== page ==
One such group of crystalline aluminosilicates, designated as those of the ZSM-5 type, have been known and are particularly described in U.S. Pat. No. 3,702,886, the disclosure of which is incorporated herein by reference. The ZSM-5-type crystalline aluminosilicates have been prepared, for example, from a solution containing a tetraalkyl ammonium hydroxide, sodium oxide, an oxide of aluminum or gallium, an oxide of silicon or germanium and water and have been found to be characterized by a specific X-ray diffraction pattern.

The above crystalline aluminosilicates, as previously noted, have been characterized by the presence of aluminum and silicon, the total of such atoms to oxygen being 1:2. The amount of alumina present appears directly related to acidity characteristics of the resulting product. A low alumina content has been recognized as being advantageous in attaining a low degree of acidity which in many catalytic reactions is translated into low coke making properties and low aging rates.

SUMMARY OF THE INVENTION

In accordance with the present invention, there is provided a family of crystalline metal organosilicates which are essentially free of Group IIIA metals, i.e. aluminum and/or gallium. These organosilicates have surprisingly been found to be characterized by an X-ray diffraction pattern characteristic of the above-noted ZSM-5-type crystalline aluminosilicates. In addition to having such characteristic X-ray diffraction pattern, the crystalline organosilicates of the present invention can be identified in their anhydrous state in terms of mole ratios of oxides as follows:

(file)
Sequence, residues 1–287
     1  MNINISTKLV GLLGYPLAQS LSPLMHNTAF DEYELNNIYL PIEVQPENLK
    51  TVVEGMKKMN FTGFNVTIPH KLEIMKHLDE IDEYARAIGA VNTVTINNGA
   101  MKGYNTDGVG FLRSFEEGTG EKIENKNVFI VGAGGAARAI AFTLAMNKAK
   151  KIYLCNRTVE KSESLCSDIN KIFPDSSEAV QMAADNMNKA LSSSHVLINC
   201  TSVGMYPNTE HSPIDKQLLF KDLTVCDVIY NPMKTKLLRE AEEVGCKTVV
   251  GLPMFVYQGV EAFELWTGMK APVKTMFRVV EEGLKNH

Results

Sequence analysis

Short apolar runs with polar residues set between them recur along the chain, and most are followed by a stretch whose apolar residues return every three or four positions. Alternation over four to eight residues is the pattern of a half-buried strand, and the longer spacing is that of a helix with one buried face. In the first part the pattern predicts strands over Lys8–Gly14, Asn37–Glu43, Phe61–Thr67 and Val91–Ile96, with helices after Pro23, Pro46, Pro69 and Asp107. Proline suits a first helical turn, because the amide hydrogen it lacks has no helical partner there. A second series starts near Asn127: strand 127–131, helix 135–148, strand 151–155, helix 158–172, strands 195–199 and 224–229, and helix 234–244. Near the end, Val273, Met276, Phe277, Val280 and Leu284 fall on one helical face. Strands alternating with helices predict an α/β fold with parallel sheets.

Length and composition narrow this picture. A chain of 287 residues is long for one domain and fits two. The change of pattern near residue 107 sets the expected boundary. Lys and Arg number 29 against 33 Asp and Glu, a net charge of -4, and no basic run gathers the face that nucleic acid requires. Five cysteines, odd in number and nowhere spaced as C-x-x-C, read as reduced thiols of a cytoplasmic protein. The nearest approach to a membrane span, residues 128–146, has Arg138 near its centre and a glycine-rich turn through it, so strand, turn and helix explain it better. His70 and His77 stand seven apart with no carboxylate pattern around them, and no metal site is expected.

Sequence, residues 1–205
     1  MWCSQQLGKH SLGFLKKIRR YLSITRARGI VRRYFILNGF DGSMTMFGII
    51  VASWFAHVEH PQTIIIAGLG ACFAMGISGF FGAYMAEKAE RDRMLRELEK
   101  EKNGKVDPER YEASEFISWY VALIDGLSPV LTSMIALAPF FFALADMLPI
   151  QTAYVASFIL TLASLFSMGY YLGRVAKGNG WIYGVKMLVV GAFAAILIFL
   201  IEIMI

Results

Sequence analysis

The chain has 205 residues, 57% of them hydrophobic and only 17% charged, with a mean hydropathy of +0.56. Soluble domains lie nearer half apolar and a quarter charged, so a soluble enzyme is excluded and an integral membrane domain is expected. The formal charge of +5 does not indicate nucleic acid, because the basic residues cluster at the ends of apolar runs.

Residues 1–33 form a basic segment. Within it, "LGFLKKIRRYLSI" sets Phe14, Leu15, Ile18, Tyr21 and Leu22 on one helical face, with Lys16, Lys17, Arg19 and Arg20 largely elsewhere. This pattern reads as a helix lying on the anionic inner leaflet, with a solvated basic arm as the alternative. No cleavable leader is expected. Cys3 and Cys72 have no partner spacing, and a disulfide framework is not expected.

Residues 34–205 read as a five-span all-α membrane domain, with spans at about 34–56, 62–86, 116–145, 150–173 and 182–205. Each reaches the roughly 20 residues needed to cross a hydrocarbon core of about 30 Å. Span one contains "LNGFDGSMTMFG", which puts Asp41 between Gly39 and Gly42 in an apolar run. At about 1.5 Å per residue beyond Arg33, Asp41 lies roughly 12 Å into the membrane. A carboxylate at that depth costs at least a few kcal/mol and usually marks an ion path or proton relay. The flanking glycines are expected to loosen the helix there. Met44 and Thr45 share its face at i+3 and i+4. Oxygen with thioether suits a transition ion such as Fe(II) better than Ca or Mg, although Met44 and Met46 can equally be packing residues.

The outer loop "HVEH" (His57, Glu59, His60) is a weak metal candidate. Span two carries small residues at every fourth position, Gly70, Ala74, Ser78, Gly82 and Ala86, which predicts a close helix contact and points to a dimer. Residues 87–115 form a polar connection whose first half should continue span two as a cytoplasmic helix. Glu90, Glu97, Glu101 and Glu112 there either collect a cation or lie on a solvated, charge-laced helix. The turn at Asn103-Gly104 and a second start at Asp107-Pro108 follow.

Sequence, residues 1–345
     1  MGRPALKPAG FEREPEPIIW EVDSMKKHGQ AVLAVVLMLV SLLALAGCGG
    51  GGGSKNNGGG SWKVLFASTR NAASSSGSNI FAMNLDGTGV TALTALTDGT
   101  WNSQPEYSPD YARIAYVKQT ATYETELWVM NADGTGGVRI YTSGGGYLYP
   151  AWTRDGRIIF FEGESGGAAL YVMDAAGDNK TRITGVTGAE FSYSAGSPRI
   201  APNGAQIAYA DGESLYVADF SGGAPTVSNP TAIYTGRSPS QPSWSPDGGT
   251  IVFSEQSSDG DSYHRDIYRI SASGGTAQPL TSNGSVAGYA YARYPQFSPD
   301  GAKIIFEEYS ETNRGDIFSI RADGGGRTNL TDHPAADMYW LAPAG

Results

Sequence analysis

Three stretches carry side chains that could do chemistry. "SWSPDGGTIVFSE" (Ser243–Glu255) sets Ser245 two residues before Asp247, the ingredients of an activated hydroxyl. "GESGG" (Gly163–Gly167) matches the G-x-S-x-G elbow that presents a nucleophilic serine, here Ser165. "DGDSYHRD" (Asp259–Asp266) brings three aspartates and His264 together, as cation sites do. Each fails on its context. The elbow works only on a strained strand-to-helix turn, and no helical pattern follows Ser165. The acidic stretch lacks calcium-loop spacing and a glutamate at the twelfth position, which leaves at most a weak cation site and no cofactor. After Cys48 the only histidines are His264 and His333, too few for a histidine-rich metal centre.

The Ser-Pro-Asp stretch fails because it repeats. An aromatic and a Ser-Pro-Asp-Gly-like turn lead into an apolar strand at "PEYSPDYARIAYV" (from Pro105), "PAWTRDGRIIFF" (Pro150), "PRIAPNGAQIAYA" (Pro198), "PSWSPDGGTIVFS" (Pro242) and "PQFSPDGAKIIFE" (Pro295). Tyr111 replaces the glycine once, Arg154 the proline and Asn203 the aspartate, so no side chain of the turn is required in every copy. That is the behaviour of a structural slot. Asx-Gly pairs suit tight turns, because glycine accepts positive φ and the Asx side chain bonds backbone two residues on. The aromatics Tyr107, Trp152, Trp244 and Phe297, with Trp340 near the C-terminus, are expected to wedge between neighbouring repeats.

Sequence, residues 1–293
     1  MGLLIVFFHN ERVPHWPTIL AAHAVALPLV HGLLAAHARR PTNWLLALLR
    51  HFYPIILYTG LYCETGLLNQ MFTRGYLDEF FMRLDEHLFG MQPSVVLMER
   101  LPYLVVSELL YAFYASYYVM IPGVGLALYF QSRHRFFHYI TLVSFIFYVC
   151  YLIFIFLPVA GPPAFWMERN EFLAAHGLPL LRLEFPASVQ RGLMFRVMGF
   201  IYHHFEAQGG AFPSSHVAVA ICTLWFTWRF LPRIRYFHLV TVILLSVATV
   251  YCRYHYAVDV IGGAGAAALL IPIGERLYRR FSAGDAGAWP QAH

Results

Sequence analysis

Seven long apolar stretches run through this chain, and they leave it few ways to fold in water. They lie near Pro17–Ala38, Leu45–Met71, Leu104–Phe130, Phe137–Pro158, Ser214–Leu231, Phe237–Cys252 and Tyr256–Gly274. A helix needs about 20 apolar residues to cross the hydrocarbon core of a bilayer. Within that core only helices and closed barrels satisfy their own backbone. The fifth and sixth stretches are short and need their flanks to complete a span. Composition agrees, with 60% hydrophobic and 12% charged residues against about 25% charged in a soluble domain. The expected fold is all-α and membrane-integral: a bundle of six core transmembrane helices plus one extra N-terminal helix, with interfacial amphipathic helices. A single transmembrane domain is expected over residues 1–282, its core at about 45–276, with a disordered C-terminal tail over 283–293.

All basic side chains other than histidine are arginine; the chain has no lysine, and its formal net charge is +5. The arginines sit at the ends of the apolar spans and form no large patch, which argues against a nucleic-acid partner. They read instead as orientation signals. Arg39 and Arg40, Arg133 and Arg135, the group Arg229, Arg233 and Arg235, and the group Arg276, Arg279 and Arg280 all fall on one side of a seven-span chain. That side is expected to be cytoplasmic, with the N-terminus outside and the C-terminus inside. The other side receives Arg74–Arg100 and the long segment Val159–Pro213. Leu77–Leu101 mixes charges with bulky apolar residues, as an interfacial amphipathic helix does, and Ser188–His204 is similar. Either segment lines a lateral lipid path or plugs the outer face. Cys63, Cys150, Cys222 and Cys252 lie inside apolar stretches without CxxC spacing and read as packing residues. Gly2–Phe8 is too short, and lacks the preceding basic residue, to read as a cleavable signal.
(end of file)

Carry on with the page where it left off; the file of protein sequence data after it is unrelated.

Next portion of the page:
0.9  0.2 [xR2 O + (1-x) M2/n O]: < .005 Al2 O3 :>1SiO2 

where M is a metal other than a metal of Group IIIA, n is the valence of said metal, R is an alkyl ammonium radical and x is greater than O but not exceeding 1. Preferably R is a tetraalkyl ammonium radical, the alkyl groups of which contain 2-5 carbon atoms.

In the above composition, R2 O and M2/n O may be removed by replacement with or conversion to other desired components which serve to enhance catalytic activity, stability and/or adsorption characteristics. It is particularly contemplated that R and/or M may be at least partially in the ammonium form as a result of ion exchange.

As above noted, the family of crystalline metal organosilicates disclosed and claimed herein have a definite X-ray diffraction pattern. Such X-ray diffraction pattern, similar to that for the ZSM-5 zeolites, shows the following significant lines:

              TABLE 1______________________________________Interplanar spacing d(A):                Relative intensity______________________________________11.1        0.2      s10.0        0.2      s7.4         0.15     w7.1         0.15     w6.3         0.1      w6.04       0.1      w5.975.56        0.1      w5.01        0.1      w4.60        0.08     w4.25        0.08     w3.85        0.07     vs3.71        0.05     s3.04        0.03     w2.99        0.02     w2.94        0.02     w______________________________________